NRCP Rule 34 allows Parties to serve Requests Production of Documents and Things. Of course, the scope of the requests is limited by NRCP 26(b) which authorizes parties to obtain discovery regarding any matter not privileged. See, State ex rel. Tidvall v. Eighth Judicial Dist. Court ex rel. County of Clark, 91 Nev. 520, 539 P.2d 456 (1975). In other words, the material sought should be relevant to the issues of the case.
There is no numerical limit to the number of Requests for Production that can be asked as there is a limit on the number of Interrogatories that can be asked. However, Parties should be reasonable in making Discovery Requests. I cannot imagine that a Court or Discovery Commissioner would allow Requests for Production to be abused by a party if it appears that the Requests were being used to harass the other Party rather than to seek information to prepare the case for settlement or Trial.
Most often, Requests for Production seek documents within the other Party’s possession or control. If a party uses a third party to care for or control its records, such as a billing company, then that Party should be responsible for gathering that information and producing it to the other Party for use in the case for settlement or Trial. Documents should be produced in a manner that is meaningful to the Requesting Party. Rule 34(b) requires that producing party “shall produce them as they are kept in the usual course of business or shall organize and label them to correspond with the categories in the request.”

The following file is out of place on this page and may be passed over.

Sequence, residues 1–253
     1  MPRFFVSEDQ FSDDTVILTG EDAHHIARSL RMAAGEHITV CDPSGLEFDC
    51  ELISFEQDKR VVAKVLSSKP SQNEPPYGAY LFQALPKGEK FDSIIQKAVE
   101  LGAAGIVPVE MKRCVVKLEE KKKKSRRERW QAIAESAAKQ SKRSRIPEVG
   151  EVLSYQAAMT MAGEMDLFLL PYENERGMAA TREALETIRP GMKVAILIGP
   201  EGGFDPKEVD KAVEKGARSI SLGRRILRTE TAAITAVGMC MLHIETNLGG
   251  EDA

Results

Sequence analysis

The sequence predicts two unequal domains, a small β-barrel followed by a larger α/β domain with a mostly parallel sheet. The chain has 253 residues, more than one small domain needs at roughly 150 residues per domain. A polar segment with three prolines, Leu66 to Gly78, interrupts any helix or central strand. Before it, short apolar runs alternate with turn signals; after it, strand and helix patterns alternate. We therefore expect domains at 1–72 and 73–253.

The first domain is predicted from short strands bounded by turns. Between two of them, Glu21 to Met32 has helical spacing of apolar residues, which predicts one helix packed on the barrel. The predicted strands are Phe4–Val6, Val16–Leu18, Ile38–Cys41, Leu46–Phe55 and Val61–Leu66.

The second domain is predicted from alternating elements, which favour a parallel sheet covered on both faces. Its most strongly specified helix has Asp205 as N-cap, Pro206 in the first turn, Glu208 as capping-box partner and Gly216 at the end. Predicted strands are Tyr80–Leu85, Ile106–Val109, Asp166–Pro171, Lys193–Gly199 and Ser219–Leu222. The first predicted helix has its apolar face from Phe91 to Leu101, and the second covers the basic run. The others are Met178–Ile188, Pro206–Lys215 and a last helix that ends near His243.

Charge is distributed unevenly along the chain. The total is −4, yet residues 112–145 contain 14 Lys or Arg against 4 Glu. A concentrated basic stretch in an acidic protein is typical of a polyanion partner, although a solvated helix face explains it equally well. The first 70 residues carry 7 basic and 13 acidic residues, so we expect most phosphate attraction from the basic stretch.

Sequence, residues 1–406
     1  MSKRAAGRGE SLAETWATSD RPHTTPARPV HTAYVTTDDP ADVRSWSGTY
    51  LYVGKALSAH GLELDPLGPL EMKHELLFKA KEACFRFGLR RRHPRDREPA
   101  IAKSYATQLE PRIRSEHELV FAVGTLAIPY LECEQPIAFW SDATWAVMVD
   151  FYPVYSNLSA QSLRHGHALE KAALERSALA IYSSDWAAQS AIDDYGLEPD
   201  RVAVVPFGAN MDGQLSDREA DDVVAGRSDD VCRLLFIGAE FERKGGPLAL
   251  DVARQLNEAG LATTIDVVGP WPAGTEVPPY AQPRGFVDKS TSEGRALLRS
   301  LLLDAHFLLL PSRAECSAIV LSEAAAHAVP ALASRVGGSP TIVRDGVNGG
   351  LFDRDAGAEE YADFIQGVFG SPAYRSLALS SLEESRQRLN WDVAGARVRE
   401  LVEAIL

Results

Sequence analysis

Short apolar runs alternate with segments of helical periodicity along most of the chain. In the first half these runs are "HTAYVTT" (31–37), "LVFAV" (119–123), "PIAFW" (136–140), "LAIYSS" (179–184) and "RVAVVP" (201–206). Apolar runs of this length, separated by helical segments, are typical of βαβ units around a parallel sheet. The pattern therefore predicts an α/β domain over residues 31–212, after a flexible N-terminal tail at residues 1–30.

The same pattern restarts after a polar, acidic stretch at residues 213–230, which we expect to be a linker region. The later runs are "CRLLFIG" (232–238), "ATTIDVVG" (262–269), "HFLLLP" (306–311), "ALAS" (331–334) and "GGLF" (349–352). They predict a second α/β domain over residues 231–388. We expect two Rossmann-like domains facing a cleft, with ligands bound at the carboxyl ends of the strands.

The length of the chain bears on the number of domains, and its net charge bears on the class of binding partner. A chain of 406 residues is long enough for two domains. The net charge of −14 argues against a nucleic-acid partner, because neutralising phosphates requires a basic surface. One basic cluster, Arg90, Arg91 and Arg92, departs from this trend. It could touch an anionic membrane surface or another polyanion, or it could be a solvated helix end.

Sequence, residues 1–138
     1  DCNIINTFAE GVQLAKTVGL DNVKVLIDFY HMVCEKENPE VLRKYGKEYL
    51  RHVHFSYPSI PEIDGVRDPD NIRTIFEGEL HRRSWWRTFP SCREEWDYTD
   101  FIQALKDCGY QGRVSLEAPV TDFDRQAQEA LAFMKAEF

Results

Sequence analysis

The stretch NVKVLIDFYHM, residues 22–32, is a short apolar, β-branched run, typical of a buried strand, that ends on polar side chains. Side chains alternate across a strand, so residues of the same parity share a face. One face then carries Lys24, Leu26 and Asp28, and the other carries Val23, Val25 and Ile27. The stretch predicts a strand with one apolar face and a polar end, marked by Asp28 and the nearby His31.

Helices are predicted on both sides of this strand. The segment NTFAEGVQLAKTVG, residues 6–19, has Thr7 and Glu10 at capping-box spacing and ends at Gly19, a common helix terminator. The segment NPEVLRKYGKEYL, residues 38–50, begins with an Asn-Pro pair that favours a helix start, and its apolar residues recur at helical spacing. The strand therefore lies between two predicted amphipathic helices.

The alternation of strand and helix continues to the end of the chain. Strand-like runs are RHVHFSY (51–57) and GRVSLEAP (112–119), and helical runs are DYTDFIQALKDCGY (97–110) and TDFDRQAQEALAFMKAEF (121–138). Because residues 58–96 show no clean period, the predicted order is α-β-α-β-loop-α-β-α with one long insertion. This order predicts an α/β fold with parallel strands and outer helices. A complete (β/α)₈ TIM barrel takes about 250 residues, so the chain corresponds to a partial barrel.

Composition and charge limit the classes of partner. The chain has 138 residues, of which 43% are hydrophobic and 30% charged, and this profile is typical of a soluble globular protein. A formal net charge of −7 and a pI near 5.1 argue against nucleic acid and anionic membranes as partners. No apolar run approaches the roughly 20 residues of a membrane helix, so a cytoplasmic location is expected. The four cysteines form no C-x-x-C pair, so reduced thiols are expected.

Rule 34 can also be used to obtain things, such the tires from a car involved in an accident in a case where the Plainitff is claiming injuries as a result of an accident caused by bad tires. In such a case, the Court has the power to require the owner of the tires (or their insurer) to produce the tires for inspection and testing by the adverse party’s expert witness. The Court may place restrictions on the testing to be conducted on the tire(s) and will look to ensure there is a proper evidentiary trail to guarantee that the actual tires are the only ones being examined and commented upon during the course of litigation.
Using NRCP 34, a Party should may be allowed to enter another’s land if doing so is necessary for the case. This would be the case where a defendant’s experts would need to enter a Plaintiff’s home in a construction defect case where the Plaintiff is claiming damages as a result of a poorly constructed home. Clearly, the Defendant’s experts would need to enter the home to examination the allegedly damaged area so they could form their opinions regarding what, if any, defects were made in constructing the home. Rendering wuch an opinion could not be done from a distance or with photographs.
As you can see, NRCP Rule 34 is another tool for gathering information allowing Parties to prepare for Trial by finding evidence relevant to the case. Attorneys will often use Requests for Production prior to Interrogatories and Depositions to form appropriate questions. Sometimes, they are used as follow ups to the other tools to gather documents and things that were identified in Interrgoatoies or Deposition.